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The WADA will retest samples from the two previous Summer Olympics to make sure no cheaters compete this year. They will use advancements in testing technology to weed out offenders.
The International Olympic Committee (IOC) will fund a World Anti-Doping Agency (WADA) investigation to retest hundreds of doping samples from the 2008 and 2012 Summer Olympics.
The announcement comes less than five months to go before the opening ceremonies in the 2016 Summer Olympic Games in Rio de Janeiro. The IOC and WADA have identified and agreed on the sport and countries to target, and will especially target the athletes who competed in Beijing or London who are also likely to compete in Rio.
“The aim of the program is to prevent athletes who cheated in London or Beijing, and got away with it because we didn't have as advanced methods of analysis as we do now, from competing in Rio de Janeiro,” said IOC medical director and scientific director Dr. Richard Budgett at the WADA Anti-Doping Organization Symposium in Lausanne, Switzerland on Tuesday.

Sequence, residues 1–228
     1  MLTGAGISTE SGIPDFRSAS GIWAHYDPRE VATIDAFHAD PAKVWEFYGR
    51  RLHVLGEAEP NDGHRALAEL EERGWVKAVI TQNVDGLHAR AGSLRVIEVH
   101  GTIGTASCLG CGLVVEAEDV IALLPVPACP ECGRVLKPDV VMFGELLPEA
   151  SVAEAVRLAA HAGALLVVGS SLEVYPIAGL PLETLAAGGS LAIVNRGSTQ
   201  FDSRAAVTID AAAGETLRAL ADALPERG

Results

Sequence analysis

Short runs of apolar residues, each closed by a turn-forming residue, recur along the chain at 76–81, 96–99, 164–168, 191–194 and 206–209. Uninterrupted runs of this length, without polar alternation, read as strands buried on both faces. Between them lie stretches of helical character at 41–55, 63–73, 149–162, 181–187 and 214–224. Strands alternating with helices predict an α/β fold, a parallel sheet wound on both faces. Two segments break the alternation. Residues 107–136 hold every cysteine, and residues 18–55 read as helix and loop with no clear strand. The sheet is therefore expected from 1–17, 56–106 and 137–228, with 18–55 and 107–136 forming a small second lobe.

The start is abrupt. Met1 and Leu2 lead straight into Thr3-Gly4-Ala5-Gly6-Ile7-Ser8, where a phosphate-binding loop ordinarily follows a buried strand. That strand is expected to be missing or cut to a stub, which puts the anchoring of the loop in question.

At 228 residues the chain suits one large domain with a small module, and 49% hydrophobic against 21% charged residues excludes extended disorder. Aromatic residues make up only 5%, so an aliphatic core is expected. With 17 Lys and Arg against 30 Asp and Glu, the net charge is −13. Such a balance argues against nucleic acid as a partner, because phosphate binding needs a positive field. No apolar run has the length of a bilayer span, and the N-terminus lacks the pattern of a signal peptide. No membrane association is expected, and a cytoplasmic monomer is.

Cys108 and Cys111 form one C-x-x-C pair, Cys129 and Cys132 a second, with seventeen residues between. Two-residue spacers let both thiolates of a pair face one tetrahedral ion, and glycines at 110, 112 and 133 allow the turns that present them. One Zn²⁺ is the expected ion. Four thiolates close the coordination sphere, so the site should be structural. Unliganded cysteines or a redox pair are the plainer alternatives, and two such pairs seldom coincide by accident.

“We are trying passionately to protect those clean athletes who are going to Rio 2016, and the best way to do that is to catch the cheats and deter the cheats before we get to Rio de Janeiro,” Budgett continued. He also said the results of the tests will be known in a number of weeks or months.
The funding from the IOC will also go towards a special WADA task force to identify any pre-Olympics testing gaps and prepare extra testing that might be needed through international federations and national anti-doping organizations. The task force is coordinating with the national anti-doping organizations of Australia, Denmark, Japan, South Africa, the United Kingdom and the United States to identify athletes who should be tested during the Olympics both during and out of competition.
kd/dv (AFP, AP, dpa)